For the second time this year, EV startup Fisker has scaled back production plans, and now expects to roll out about half as many Ocean SUVs as it had planned at the beginning of the year. But that was fine with Wall Street, its stock price rising nearly 9% as the week came to a close. Headlight.News looks at what’s behind the cutback, and why it pleases investors.
Building an EV auto company isn’t easy. Just ask the many startups teetering on the edge of the abyss, like Lordstown Motors, Canoo and Faraday Future. Desperate to avoid the same fate — for the second time in his career — Henrik Fisker, the founder of his eponymous car company has ordered the automaker to make cuts aimed at preserving its dwindling stockpile of cash.
Most critically, the California-based Fisker will cut vehicle production to 10,000 for the full year. That’s the second time it’s trimmed its forecast which was originally targeting a number as high as 20,000 for all of 2023. A previous cutback aimed for a more modest 13,000 to 17,000 Ocean SUVs.
While that might seem to be another sign of trouble for a company that has had to make a series of zigs and zags since its founding, Wall Street was more than pleased with the news which immediately set the stock heading higher even before the market opened Friday, with shares trading as FSR rising by nearly 15 cents, to $1,725, a nearly 9% increase, as the week’s trading drew to a close.
When less is more
That said, Fisker is still only marginally above its 52-week low of $1.52 a share, and well behind the year-long high of $8.66.
While cutting production numbers might seem like a strange way to excite investors, the reason behind the move was what the market focused on. Fisker’s cash horde has been rapidly declining.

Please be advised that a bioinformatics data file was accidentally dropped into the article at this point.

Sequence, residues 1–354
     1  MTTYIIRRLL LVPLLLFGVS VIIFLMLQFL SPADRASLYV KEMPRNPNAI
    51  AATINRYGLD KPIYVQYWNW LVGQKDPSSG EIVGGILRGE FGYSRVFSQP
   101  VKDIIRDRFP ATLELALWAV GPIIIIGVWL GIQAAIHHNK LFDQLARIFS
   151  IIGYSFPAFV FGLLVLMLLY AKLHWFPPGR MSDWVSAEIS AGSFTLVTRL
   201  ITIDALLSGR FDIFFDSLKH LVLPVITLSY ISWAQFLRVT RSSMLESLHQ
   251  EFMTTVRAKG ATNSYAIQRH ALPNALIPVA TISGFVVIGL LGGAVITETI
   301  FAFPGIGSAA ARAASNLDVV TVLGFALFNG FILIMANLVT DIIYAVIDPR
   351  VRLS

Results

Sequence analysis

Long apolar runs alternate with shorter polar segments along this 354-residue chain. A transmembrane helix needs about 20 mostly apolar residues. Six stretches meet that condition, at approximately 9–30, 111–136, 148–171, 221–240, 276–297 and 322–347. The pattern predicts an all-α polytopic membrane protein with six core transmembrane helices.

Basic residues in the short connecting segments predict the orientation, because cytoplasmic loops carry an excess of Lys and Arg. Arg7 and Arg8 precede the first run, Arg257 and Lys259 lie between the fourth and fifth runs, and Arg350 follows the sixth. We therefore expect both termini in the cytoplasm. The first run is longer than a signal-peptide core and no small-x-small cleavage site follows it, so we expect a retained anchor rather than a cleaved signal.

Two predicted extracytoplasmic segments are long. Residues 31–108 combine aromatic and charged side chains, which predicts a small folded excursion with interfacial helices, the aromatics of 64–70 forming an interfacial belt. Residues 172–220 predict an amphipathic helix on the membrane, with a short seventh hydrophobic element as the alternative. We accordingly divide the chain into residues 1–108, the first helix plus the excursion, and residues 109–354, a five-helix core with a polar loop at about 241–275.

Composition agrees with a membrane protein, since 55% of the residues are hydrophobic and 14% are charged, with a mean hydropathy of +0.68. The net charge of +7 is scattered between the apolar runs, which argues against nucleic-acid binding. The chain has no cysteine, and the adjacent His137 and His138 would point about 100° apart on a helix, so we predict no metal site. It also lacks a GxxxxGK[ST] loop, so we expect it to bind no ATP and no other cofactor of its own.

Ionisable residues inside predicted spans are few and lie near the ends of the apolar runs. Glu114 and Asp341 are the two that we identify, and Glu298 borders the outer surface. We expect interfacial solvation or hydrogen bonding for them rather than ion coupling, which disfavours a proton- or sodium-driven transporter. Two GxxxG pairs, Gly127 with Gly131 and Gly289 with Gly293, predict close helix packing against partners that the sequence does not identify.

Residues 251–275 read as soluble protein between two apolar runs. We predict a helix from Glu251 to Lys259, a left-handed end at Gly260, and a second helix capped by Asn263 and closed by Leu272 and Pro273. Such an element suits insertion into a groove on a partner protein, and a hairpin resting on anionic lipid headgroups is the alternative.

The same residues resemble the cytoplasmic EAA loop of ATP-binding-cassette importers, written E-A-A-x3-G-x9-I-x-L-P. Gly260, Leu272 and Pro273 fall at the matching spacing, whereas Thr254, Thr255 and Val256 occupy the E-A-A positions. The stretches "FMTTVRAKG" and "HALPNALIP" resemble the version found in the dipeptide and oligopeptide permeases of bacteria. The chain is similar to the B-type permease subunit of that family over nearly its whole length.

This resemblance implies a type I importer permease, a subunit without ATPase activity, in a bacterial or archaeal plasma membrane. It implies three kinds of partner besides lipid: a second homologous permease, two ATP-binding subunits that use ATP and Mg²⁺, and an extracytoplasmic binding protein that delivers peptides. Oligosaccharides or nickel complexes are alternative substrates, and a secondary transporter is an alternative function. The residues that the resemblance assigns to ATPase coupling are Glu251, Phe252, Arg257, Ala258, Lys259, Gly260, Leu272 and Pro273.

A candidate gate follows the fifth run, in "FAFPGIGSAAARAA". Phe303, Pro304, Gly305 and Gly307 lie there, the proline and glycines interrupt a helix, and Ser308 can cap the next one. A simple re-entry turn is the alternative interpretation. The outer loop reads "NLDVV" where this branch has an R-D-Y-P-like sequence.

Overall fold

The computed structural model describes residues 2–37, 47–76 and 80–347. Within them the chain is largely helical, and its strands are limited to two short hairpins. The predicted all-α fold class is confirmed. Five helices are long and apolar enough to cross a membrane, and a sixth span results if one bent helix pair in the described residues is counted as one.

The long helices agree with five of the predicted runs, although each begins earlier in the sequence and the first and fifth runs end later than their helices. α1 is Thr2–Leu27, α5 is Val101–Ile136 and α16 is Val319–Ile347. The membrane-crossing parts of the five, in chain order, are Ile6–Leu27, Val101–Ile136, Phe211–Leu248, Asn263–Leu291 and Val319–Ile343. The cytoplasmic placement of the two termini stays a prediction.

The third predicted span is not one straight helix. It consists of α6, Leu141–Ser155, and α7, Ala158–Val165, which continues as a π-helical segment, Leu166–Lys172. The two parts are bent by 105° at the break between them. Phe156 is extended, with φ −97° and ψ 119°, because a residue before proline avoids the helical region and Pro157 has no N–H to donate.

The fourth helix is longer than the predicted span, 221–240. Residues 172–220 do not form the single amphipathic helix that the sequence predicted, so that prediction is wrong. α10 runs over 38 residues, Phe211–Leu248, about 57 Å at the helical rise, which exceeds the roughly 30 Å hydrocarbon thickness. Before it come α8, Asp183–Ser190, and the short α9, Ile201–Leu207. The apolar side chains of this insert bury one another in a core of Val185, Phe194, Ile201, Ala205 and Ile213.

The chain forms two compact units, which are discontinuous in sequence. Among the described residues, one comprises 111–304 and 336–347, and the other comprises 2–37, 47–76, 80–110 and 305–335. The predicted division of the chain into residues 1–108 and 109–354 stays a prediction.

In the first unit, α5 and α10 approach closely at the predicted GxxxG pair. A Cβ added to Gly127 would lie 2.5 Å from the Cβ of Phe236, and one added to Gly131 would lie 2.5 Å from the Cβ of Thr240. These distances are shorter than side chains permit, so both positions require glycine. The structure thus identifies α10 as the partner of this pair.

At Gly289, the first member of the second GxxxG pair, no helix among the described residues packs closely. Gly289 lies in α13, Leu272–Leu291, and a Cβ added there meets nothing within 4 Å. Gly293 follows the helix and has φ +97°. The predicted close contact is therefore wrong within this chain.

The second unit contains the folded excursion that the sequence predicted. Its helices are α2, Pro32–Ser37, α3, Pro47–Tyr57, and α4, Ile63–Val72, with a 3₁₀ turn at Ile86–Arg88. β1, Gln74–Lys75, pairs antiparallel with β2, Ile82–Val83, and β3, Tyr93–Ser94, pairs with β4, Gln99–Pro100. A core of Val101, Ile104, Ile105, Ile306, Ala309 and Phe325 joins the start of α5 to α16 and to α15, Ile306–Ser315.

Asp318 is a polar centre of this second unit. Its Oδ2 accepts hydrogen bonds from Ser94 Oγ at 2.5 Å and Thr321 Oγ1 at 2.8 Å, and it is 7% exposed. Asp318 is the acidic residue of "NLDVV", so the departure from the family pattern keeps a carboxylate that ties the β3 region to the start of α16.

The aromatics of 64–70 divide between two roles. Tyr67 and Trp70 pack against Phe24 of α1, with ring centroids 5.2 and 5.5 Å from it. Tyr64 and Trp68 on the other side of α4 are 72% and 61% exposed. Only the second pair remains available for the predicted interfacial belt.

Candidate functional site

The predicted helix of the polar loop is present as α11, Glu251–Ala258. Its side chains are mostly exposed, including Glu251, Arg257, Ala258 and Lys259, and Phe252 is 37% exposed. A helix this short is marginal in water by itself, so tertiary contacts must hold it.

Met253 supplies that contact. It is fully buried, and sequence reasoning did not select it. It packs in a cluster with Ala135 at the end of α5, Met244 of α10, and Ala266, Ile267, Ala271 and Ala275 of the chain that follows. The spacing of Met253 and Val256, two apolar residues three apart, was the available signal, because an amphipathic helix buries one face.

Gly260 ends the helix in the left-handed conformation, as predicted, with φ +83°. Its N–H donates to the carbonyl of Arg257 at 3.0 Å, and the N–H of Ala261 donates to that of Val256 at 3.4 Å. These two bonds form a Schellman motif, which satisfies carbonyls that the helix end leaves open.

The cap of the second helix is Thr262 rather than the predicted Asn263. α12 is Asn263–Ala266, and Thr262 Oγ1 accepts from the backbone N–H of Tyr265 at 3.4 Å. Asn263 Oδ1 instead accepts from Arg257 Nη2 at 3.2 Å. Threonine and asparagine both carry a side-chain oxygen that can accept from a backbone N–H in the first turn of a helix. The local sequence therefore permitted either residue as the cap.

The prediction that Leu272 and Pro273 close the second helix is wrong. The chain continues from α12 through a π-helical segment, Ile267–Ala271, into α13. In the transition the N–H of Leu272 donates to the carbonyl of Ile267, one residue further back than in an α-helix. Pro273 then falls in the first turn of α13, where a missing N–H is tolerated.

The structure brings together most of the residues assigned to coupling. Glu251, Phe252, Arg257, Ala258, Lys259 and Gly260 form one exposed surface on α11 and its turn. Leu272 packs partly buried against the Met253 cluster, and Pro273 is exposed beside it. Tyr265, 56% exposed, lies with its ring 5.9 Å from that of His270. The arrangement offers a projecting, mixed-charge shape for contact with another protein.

“Fisker has made a strategic decision to reduce December production to prioritize liquidity to unlock over $300 million of working capital,” the company said in a statement.
Still, an uncertain future
In its most recent quarter, the automaker said it lost $91 million and generated revenues of just $71.8 million.
It took longer to get the first Fisker Ocean off the line than expected. The target date of November 2022 was pushed into the New Year. Even then, the launch faced a variety of setbacks. And sales haven’t ramped up nearly as quickly as Fisker — both the company and the highly visible CEO — have projected.
On Thursday the CEO announced that only 123 of the electric SUVs have so far been delivered.
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“Our teams have worked hard to overcome some early delivery challenges and are now setting an impressive pace as we prepare to close out 2023,” said Fisker, whose prior company, Fisker Automotive, went bankrupt a dozen years ago.
“We may not have hit our original forecast,” said the CEO, “but taking current market conditions and negative sentiments around EV sales into account, I would say we are doing quite well, as we continue to accelerate sales and deliveries.”
Seeking new revenue opportunities
The automaker is looking for ways to enhance its revenue opportunities and that might involve taking a page out of the playbook written by rival Tesla. That would involve selling emissions credits to traditional automakers who need to offset penalties they might face while slowly ramping up their own EV production efforts.
Fisker has faced a number of financial headaches, of late. Complicating matters, it has lost two chief accounting officers. That forced it to delay filing of its quarterly earnings report with the Securities and Exchange Commission.